Because of the continuity with peripherals it would also open up the avenue to only sell the tablet portion of the Switch to consumers as an upgrade. This creates an ideal win / win for Nintendo and the customers because Nintendo could sell the upgrade at a reduced cost i.e. $250 or even $230 which would have a higher average revenue per unit that if Nintendo sold the tablet with Joy-Cons at the $300 SKU. It would allow the consumer to purchase just the tablet if that’s all they wanted and save money in the process. Everyone is happy.

Nintendo could also realize giant costs savings in manufacturing and development by moving to one ecosystem and no longer having to split their focus between the two. The virtual console could also be used to make beloved 3DS games available on the Switch, albeit with slight modifications to work on a single screen.

This Switch is doing things we haven’t seen since the Wii. It’s crossing demographic lines. I’ve seen a lady buy one for her three-year-old son. I’ve also bought one at the store for my mother. Demographics that don’t typically appeal to the PC, Xbox, or PS gamer. With an entry point of $99 I believe this could become one of the greatest selling consoles of all time easily giving the Wii a run for its money. It might take a decade or two but it could even catch up to the DS or PS2.

You may be looking at my website right now and confusing it with a Nintendo fan site. I really couldn’t blame you for that because of all the content surrounding the Switch. But hey, it’s the hot new thing so of course I’m going to talk about it. It’s what gets me excited. Just ask my wife. Don’t worry though. I’ll get back into other stuff soon enough. I plan on putting up and Orcs Must Die Unchained video later this week. Until then.

Saturday, April 15, 2017

The Talented Mr. Shifty

Hey everyone. Here is my video review of Mr. Shifty for the Nintendo Switch.


For those that just like scores I gave it a 7 out of 10.

Thursday, April 13, 2017

Dear Nintendo, why don't you like my money?

To My Dear Nintendo,

Are you sick, not feeling well, does money make you itchy?

Why do you repeatedly self harm?

The NES Classic is the prime example of an unexpected runaway hit. And now, even with supplies so low the system sells for two to three times MSRP on Amazon and eBay you stop production on the system.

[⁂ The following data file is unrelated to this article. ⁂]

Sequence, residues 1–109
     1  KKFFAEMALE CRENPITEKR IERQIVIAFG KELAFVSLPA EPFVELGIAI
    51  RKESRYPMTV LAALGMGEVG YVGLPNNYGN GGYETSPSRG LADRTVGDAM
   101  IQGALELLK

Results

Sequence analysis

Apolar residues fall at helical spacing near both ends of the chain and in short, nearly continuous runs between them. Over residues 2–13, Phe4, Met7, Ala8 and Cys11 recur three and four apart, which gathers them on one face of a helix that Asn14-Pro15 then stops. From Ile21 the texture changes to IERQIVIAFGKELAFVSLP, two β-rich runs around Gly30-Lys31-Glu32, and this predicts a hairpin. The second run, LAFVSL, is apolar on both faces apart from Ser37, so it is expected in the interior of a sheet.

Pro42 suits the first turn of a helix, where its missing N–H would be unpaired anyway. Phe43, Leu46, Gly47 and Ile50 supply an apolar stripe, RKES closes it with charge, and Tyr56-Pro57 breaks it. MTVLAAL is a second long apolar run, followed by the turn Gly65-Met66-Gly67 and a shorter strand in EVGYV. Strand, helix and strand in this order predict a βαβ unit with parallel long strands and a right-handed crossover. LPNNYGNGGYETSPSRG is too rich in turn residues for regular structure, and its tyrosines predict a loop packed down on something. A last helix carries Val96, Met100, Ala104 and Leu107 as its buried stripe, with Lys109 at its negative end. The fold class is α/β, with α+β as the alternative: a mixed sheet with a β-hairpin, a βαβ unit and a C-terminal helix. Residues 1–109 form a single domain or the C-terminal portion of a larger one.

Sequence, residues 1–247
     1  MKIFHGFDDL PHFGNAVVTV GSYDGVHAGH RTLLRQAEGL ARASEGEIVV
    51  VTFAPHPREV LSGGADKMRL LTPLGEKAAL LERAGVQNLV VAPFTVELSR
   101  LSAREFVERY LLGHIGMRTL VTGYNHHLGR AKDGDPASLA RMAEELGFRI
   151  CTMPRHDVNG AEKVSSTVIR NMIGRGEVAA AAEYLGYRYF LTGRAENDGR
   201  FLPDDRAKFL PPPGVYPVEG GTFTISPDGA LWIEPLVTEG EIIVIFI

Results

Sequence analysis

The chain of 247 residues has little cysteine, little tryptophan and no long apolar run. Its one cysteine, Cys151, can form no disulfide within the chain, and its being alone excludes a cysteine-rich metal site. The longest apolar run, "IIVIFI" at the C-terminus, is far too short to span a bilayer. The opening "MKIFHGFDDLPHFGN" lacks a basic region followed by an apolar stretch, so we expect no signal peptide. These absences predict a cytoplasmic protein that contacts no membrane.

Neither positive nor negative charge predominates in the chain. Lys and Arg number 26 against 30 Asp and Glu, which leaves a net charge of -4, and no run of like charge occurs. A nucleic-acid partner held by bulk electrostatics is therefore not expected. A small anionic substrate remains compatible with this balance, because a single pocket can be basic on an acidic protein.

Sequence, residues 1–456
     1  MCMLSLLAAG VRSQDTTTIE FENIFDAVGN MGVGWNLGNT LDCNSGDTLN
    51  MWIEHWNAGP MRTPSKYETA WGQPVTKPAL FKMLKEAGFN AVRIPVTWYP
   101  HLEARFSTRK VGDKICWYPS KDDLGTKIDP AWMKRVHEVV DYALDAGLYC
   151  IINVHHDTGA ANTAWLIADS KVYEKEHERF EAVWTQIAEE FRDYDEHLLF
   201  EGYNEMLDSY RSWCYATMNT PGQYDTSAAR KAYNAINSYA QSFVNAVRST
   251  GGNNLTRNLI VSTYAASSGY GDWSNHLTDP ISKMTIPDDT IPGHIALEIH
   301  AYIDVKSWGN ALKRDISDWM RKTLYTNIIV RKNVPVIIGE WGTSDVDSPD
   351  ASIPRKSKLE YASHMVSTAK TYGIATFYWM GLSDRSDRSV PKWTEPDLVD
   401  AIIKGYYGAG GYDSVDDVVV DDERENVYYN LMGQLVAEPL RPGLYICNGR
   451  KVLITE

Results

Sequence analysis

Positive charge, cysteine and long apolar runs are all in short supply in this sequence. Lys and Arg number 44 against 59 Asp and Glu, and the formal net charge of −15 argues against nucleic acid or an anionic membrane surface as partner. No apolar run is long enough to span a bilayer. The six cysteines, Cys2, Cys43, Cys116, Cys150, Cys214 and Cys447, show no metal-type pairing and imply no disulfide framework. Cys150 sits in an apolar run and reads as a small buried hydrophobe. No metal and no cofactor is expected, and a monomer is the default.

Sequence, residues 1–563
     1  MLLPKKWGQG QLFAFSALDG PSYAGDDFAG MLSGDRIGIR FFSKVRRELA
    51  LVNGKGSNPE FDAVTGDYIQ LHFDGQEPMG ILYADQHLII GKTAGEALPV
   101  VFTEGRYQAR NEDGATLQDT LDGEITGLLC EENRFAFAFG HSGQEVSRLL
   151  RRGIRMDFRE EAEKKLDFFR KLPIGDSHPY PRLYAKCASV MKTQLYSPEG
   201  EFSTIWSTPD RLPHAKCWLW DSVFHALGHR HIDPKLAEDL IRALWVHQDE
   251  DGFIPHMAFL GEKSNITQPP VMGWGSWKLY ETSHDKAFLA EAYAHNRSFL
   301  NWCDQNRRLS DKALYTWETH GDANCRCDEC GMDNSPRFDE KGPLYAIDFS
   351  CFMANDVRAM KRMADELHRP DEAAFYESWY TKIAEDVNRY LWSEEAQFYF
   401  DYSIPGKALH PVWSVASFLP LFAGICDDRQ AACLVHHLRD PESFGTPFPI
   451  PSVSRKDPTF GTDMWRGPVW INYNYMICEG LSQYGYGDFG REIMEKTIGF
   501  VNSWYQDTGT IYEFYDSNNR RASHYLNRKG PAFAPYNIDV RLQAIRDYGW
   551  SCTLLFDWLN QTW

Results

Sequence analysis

Did you bump your head? Why would you stop. Do you have limited production capacity? I understand that you are making Switches but this just baffles me. 

The ONLY way I see this not screwing over your loyal fan base is if you release a $60 "NES Classic" software pack for the Switch that contains all the ROMs for the Switch. What will more than likely happen, however, is that you sell the games piecemeal for roughly $5 each. Which puts the package in the realm of $125. While this isn't outrageous it is a far cry from $60.

Also, You really want $60 for a second Switch docking station? 60?!?! And that doesn't even include the power cord that you want another $30 for. For that price people might as well just but another Switch (which I'm sure you'd be more than happy about). Come on Nintendo. I get that you are in the business to make money and you are currently cleaning up the egg that is the Wii U from your face but I'm getting to the point where what I can only call your greed is souring me to everything else. 

Come on Nintendo. Do the right thing here. You told customers not to worry and that you would make more. Now that you have gone back on your word do something to make amends. Don't come off looking like a bunch of greedy clowns.

Oh, and hey I get it. You got burned by all those Animal Crossing Amiibos. But don't worry. Something tells me you'll get your money back with the 3 new Link Amiibos (for a total of 14!) and two Cloud, two Bayonetta, and 2 Corrin. 

The NES Classic wasn't going to be the next Animal Crossing Amiibo blunder either.